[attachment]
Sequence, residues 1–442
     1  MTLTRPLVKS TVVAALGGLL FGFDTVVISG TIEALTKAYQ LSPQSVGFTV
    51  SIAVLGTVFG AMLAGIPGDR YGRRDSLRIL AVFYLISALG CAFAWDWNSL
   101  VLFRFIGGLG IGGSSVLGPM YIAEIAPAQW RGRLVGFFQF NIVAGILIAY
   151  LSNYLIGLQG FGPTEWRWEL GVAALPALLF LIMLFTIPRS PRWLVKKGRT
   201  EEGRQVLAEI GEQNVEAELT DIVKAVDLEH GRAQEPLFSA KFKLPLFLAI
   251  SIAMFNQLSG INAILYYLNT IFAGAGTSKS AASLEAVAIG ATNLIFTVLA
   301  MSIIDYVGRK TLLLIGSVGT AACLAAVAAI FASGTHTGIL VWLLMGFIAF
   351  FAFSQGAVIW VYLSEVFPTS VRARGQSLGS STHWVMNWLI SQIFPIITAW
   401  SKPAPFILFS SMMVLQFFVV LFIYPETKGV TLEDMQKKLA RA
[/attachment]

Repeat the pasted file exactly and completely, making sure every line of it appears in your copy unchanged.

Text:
Sequence, residues 1–442
     1  MTLTRPLVKS TVVAALGGLL FGFDTVVISG TIEALTKAYQ LSPQSVGFTV
    51  SIAVLGTVFG AMLAGIPGDR YGRRDSLRIL AVFYLISALG CAFAWDWNSL
   101  VLFRFIGGLG IGGSSVLGPM YIAEIAPAQW RGRLVGFFQF NIVAGILIAY
   151  LSNYLIGLQG FGPTEWRWEL GVAALPALLF LIMLFTIPRS PRWLVKKGRT
   201  EEGRQVLAEI GEQNVEAELT DIVKAVDLEH GRAQEPLFSA KFKLPLFLAI
   251  SIAMFNQLSG INAILYYLNT IFAGAGTSKS AASLEAVAIG ATNLIFTVLA
   301  MSIIDYVGRK TLLLIGSVGT AACLAAVAAI FASGTHTGIL VWLLMGFIAF
   351  FAFSQGAVIW VYLSEVFPTS VRARGQSLGS STHWVMNWLI SQIFPIITAW
   401  SKPAPFILFS SMMVLQFFVV LFIYPETKGV TLEDMQKKLA RA